Microsoft scrambles to distance smartphone data losses from cloud services

Microsoft has tried to distance its fledgling cloud services from its newly acquired Danger smartphone division after an unknown number of US customers...

Microsoft has tried to distance its fledgling cloud services from its newly acquired Danger smartphone division after an unknown number of US customers lost data due to a server failure.

 

The company said the data loss was a result of a server failure in a datacentre it acquired when it bought Danger that had not been updated to run on Microsoft technology.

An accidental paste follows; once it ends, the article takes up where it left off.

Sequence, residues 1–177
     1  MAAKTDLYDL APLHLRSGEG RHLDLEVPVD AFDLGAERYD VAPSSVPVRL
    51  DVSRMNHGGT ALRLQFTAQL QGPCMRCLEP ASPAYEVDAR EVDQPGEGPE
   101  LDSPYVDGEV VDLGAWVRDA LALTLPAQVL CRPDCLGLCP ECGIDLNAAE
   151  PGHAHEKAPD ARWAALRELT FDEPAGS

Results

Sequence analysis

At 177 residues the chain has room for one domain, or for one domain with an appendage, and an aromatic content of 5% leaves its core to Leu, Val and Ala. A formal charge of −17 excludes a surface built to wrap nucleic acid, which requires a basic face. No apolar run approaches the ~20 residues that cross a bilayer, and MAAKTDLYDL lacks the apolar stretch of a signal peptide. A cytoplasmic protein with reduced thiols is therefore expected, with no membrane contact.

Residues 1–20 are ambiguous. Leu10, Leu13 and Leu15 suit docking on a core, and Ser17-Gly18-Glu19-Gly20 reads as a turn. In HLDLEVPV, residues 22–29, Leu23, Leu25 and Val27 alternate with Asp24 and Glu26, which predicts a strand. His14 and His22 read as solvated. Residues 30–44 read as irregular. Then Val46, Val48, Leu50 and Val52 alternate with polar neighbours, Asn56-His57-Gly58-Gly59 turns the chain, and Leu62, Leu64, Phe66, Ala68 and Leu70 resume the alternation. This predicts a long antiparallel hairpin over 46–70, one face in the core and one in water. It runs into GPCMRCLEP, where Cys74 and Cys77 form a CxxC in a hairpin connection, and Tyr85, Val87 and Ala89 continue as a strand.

The loss of customer data is a setback for Microsoft as it seeks to convince corporate customers it has built secure and reliable datacentres for cloud services, said the Financial Times.

Microsoft has not said how many users of the Danger Sidekick smartphones were affected by the failure, but about one million of the devices have been sold since they were introduced in 2003.

Danger was acquired by Microsoft 18 months ago as part of plans to bolster the company's position in the smartphone market.

T-Mobile, which provides the network for the Sidekick smartphones, told users at the weekend at that personal data no longer on their devices was almost certainly lost.

Microsoft said its engineers were trying to recover data and there was a better chance for customers who did not remove batteries or allow them to run down.

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